Budget deal (2): Social service agencies shut out of additional funding, again

For the second time in less than a month, the Governor and legislative leaders have announced an agreement on how to address the huge shortfalls in this year’s budget caused by declining revenue collections. This second agreement is not much different than the initial January agreement: monthly across-the-board cuts of ten percent of allocations from the General Revenue Fund will continue for the rest of the year, with the extent of cuts to some agencies mitigated by additional funds. This “addendum” to the January deal involves two main components:

  • First, it specifies that 3/8ths of the state’s Rainy Day Fund, or $223.5 million, will be used to fill part of the current year shortfall. That still leaves a gap, according to my calculations,  of $235.5 million.  The press release states that the remaining shortfall will be filled “with other state funds and federal stimulus dollars”. The Legislature has begun considering a number of supplemental funding bills that will shed more light on which additional revenues will be tapped;
  • Second, in addition to the additional dollars announced in January for Common Education ($54 million plus $50 million to make up for part of the $109 million projected shortfall in the HB 1017 Fund); Higher Education ($25.6 million), the Health Care Authority ($33 milion) and Corrections ($7.2 million), additional funds are being directed to the Department of Public Safety ($ 3 million) and Department of Central Services ($300,000).The House of Representatives immediately issued a press release announcing that the additional dollars for the Department of Public Safety would suffice to avert furloughs for state troopers that had been scheduled to begin in March.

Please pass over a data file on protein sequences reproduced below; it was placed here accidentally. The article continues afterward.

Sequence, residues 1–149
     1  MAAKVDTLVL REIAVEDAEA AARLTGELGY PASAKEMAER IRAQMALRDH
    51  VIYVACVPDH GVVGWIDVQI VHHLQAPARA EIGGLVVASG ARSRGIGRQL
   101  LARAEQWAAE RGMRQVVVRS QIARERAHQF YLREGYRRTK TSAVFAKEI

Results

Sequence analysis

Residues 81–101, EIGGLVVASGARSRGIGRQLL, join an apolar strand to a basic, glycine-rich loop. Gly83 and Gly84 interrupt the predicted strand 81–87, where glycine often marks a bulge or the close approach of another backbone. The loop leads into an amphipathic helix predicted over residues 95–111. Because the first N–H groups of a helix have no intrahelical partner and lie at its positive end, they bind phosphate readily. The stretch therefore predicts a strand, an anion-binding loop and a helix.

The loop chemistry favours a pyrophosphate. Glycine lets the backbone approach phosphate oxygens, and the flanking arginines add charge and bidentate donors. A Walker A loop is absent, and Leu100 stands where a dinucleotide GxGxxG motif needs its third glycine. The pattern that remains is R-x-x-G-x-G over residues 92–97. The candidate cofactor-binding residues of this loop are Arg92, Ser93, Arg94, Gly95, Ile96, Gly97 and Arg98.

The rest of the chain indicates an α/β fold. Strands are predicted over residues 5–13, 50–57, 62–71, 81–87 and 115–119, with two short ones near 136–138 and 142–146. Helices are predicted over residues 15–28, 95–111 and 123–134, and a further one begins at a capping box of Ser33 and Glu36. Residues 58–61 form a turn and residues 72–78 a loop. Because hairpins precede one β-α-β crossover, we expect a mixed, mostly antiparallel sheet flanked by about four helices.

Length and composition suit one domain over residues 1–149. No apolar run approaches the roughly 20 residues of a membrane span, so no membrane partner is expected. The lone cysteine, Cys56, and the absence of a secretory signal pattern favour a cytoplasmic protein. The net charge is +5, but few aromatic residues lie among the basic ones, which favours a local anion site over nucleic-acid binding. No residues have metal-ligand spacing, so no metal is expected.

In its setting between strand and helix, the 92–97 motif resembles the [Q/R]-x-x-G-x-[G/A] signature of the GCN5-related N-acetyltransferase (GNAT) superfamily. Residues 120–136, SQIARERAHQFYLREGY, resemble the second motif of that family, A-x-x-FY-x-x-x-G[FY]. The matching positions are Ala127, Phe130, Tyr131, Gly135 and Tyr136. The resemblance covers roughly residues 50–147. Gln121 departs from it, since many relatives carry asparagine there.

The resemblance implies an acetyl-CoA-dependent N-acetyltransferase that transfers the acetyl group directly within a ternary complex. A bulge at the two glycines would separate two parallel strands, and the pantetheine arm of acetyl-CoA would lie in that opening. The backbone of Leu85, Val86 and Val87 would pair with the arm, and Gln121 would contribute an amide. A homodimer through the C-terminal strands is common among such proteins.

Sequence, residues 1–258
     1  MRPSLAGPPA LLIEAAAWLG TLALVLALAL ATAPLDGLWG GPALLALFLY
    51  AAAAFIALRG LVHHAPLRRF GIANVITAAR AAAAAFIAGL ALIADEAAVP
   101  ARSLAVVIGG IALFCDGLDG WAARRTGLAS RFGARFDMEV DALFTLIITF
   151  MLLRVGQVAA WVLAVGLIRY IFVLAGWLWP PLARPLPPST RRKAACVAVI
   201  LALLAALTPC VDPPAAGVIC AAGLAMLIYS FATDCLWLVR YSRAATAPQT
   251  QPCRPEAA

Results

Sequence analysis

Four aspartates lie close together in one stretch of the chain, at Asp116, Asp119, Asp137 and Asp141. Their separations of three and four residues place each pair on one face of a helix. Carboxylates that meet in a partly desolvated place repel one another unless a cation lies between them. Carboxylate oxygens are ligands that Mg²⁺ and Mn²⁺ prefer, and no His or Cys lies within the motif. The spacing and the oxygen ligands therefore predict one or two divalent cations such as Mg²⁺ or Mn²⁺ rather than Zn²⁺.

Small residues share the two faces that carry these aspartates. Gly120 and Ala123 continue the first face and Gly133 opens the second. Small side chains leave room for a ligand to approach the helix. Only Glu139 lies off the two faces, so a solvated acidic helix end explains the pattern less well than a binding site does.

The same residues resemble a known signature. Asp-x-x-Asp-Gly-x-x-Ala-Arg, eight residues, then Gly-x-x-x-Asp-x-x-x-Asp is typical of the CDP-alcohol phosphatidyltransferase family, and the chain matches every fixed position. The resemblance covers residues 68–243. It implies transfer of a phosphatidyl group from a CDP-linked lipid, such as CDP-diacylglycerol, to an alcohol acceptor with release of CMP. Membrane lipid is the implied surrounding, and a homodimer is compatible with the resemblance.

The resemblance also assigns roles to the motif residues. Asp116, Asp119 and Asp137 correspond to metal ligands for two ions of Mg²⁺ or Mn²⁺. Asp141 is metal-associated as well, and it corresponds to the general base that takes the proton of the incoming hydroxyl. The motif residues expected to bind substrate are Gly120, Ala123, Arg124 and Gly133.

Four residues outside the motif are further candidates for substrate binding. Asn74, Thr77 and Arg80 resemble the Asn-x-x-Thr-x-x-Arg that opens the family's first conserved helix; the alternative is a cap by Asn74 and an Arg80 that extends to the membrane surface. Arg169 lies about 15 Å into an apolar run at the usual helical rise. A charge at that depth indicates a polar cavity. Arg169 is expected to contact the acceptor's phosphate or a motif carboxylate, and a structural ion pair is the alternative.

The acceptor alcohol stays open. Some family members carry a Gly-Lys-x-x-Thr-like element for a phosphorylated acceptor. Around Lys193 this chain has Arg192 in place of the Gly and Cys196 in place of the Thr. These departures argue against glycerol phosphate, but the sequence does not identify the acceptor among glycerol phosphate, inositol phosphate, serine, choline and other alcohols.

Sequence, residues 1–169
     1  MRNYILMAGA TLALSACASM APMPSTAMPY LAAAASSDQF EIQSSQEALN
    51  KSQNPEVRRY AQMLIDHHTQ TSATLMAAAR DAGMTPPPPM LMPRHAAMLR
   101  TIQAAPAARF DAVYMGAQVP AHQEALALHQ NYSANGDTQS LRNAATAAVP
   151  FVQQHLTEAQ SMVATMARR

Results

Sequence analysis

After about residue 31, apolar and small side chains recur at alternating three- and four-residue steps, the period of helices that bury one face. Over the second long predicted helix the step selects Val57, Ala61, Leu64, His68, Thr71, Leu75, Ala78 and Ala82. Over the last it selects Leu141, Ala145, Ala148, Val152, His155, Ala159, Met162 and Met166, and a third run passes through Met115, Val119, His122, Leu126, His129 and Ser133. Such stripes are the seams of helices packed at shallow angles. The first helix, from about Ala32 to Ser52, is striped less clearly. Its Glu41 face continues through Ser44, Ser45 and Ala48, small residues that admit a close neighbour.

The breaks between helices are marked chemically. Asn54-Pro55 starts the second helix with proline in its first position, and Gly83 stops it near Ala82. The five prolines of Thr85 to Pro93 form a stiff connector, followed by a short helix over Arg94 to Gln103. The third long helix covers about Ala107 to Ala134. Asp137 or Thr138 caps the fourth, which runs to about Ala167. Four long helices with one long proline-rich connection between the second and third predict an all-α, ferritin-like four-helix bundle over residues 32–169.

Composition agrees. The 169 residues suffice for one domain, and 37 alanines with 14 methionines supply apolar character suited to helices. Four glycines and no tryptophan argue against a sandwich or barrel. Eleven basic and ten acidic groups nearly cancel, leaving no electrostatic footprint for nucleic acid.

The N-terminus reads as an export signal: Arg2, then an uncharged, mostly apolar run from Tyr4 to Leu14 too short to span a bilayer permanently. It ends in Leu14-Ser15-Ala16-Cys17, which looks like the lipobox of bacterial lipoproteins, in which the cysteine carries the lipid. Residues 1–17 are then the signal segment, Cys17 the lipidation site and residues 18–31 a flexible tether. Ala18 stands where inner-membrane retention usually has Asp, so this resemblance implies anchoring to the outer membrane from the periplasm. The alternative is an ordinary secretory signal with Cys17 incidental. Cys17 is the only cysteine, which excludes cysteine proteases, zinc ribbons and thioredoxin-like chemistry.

Left unstated in the press releases are the priorities that again failed to make the cut for additional dollars.   The work that the state troopers do in protecting public safety on our highways is extremely important.  But what about the at-risk youth whose gang intervention and prevention programs in Tulsa and Oklahoma City have been eliminated? What about the children with mental health issues who can no longer be treated because the Department of Mental Health and Substance Abuse Services has cut 40 children’s inpatient beds in Norman? Or the seniors who are no longer being served daily hot meals because of the $7.2 million in cuts to senior nutrition programs? Or the victims of domestic violence and sexual assault who can no longer receive counseling and education and prevention programs because of cuts? With new revenues off the table, our elected leaders are facing brutal choices in deciding which vital programs and services to rescue and which to let die. But what does it say about our priorities as a state when programs serving the most vulnerable women, children and seniors have, once again, been left behind?


Former Executive Director David Blatt joined OK Policy in 2008 and served as its Executive Director from 2010 to 2019. He previously served as Director of Public Policy for Community Action Project of Tulsa County and as a budget analyst for the Oklahoma State Senate. He has a Ph.D. in political science from Cornell University and a B.A. from the University of Alberta. David has been selected as Political Scientist of the Year by the Oklahoma Political Science Association, Local Social Justice Champion by the Dan Allen Center for Social Justice, and Public Citizen of the Year by the National Association of Social Workers.

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